Shira Lander, Religious Studies/Director of Jewish Studies; Bonnie Wheeler, English;
The “Medieval Matters” Research Cluster plans a year-long initiative to reinvigorate the strong, diverse, and engaged community of medievalists among the faculty and students at SMU and in the metroplex area. As a working group, we will examine fresh methodological approaches to the study of the Middle Ages with the goal of generating opportunities for new collaborative teaching and research across disciplinary boundaries. Among other possibilities, we envision a fully vetted book and digital project (with national and international contributors) that advances current understandings of the uses and limits of transdisciplinary teaching/research in the Middle Ages.
This research cluster brings together faculty, staff, and graduate students with interests in indigenous studies. The focus will be on traditional and contemporary indigenous forms of culture, language, art, knowledge, economy, ecology, politics, and identity, as well as contemporary issues surrounding sovereignty, tradition, human rights, intellectual property rights, heritage, health, environmental justice, and development. Our year-long goals involve (1) creating and fostering a viable campus community at SMU, (2) identifying areas for collaborative research, and (3) defining existing and future teaching needs.
Lolita Buckner Inniss, Dedman School of Law; Crista DeLuzio, History; Susanne Scholz, Theology; Bonnie Wheeler, EnglishFeminism has once again become a culturally approved term, but the connection between feminist scholarship and social change has thinned in the past decade. A group of eighteen SMU faculty and graduate students came together on May 5 with philanthropist/feminist scholar Helen LaKelly Hunt and long-time activist Vivian Castleberry to talk about Hunt’s new book on the religious roots of American feminism in the abolitionist movement. During that conversation, we realized that SMU’s feminist community could itself benefit from revitalization. As scholars and teachers, we use the tools of feminist analysis but we remain uncertain about “correct” relations between our scholarly and reformist agendas.
We’d like to think through this question, among others, in a cluster next year that would have six notable speakers and several small discussion sections. We would also engage the Women and Gender Studies Program in this project. Our goal is to produce an edited set of essays that poses questions about the place of feminist visibility in the academy. We want to develop the field of feminist thought further as we engage in both an embodiment of and conscious reflection upon feminist discourse. Can we see feminist theory in the service of social change?
Timothy Binkley, Archivist, Bridwell Library, Perkins School of Theology; Joan Gosnell, University Archivist, Central University LibrariesAs SMU launches into its Second Century, we will pause a moment to examine historical SMU events and issues, their meaning and significance. Cluster members will meet monthly to discuss readings from One Hundred Years on the Hilltop and visit the University Archives and the Archives at Bridwell Library. Additionally, this year cluster members will read and discuss the book Universities and Their Cities. This will provide cluster members opportunities to further explore SMU's historical relationship with Dallas. At the end of the academic year, cluster members will develop and disseminate a research agenda for further study of SMU’s history based on gaps, newly developed interests and contemporary issues identified through their time together.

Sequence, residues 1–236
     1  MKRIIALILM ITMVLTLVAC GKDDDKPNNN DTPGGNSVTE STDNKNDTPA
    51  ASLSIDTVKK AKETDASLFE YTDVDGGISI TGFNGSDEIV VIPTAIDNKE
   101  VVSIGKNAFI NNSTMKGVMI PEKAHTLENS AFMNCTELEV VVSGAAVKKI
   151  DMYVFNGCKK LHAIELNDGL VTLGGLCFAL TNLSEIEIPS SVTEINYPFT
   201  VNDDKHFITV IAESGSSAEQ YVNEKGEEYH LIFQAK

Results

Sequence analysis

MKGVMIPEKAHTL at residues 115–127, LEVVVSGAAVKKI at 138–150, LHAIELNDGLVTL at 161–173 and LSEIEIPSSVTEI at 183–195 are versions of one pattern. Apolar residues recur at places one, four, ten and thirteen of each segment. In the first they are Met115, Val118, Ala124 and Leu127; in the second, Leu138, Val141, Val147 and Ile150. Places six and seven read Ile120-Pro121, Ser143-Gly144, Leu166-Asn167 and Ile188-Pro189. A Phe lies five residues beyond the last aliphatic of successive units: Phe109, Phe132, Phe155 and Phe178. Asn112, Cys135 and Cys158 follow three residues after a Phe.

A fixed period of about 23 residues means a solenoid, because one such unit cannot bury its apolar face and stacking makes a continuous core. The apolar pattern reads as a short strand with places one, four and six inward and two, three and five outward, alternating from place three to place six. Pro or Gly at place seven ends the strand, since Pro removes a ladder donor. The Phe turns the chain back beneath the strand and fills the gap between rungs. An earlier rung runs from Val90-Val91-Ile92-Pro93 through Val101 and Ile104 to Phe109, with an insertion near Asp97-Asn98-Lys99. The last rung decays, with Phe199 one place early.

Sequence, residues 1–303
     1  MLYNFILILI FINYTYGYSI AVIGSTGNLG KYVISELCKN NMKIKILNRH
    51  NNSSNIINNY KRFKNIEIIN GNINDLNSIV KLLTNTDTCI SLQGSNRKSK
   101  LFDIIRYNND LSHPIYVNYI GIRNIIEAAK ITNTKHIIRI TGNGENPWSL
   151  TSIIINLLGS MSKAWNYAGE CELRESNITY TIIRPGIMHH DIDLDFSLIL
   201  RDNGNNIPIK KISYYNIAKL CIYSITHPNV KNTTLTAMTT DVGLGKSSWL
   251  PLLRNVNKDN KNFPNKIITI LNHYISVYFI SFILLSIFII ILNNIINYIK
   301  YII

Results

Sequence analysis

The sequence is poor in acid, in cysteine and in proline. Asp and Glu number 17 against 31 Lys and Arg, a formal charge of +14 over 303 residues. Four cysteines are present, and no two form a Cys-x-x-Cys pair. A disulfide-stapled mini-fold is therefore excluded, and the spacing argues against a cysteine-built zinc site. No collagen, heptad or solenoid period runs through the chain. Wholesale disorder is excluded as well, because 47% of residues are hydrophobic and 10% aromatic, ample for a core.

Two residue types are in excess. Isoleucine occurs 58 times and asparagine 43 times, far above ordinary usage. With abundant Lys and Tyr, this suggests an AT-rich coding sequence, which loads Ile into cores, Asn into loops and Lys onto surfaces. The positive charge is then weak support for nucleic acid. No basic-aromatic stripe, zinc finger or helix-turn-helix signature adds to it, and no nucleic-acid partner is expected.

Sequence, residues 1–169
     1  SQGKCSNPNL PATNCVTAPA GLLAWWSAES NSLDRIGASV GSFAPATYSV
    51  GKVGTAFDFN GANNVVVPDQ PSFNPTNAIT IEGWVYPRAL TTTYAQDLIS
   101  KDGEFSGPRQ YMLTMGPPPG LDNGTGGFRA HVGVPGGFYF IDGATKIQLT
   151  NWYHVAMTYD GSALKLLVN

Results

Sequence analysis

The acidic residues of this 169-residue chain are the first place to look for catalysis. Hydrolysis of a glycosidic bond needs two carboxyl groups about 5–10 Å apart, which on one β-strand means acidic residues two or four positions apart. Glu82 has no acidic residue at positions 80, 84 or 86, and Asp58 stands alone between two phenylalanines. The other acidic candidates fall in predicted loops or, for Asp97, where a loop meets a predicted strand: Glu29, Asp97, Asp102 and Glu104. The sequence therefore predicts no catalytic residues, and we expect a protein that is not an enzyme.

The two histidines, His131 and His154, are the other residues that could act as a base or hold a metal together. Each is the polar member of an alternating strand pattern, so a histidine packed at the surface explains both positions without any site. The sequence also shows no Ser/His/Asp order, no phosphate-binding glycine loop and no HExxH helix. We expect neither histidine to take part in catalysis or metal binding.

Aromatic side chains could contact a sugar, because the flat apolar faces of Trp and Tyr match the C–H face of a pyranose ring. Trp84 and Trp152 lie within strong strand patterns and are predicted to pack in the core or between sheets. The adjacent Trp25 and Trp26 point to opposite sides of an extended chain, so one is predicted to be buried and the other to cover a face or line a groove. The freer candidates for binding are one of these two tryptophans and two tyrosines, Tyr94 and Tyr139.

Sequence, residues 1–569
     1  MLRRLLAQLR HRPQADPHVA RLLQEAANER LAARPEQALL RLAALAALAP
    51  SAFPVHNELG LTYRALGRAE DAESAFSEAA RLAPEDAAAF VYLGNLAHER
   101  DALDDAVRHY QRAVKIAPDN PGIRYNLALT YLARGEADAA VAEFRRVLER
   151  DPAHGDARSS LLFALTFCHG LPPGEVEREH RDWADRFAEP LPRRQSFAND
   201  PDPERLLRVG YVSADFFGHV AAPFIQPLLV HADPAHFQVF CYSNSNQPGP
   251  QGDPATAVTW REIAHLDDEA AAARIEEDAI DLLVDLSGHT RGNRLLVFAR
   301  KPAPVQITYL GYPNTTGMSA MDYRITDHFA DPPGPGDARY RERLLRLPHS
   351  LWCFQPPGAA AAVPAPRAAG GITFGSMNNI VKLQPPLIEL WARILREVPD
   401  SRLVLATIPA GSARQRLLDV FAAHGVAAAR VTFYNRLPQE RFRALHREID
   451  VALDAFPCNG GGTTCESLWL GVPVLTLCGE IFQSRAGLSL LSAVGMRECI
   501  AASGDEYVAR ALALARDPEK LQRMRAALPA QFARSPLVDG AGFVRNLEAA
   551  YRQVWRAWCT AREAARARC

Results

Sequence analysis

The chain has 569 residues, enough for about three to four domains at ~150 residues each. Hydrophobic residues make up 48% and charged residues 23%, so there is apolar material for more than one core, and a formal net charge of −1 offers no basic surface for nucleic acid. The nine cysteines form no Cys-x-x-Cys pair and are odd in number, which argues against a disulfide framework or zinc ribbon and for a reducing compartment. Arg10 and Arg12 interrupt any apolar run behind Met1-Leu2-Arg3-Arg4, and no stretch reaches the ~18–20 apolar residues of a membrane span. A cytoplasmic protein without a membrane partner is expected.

Kennth Daley, Philosophy; Robert Howell, Philosophy; Sukumaran Nair, Computer Science and Engineering
The DCII “Technology, Society and Value” Research Cluster provides a forum for interdisciplinary collaboration on ethical issues raised by emerging technologies. The past several years have made it painfully clear that new technologies—from social media to artificial intelligence—will change the way we interact as a society and will raise new ethical issues in the process. This research cluster will provide an opportunity for scholars and industry professionals across various domains to connect and learn from each other’s perspective on these issues, with a goal of determining some of the more promising avenues for future research.
Candice Bledsoe, SMU Simmons School of Education; Karen Thomas, SMU Meadows School of the Arts
This research cluster will explore the power of narratives to help students connect to the human experience. The use of narrative inquiry and the experiences of women of color utilizing oral storytelling, print, film, and other multimedia platforms will generate discussions about principles to employ when crafting stories and counter stories for empowerment. Sharing stories of institutionalized racism and sexism, may inspire confidence in students, professors, and college practitioners to disturb and realign power asymmetries in socially just ways.
Tom Fomby, Economics; Jo Guldi, History; Tim McDonough, Cox School of Business; Aren Cambre, Director of the Web Application Services Team; Eric Godat, Office of Information and Technology
This cluster intends to convene during the 2019-2020 academic year involving presentations by researchers and practitioners in the areas of text analytics and sentiment analysis. Text analytics and sentiment analysis (TASA) have become increasingly popular tools in the areas of digital humanities and business and economic applications. Given this, we thought that a research cluster would start introducing the ideas and methods used in this field to the broader SMU community.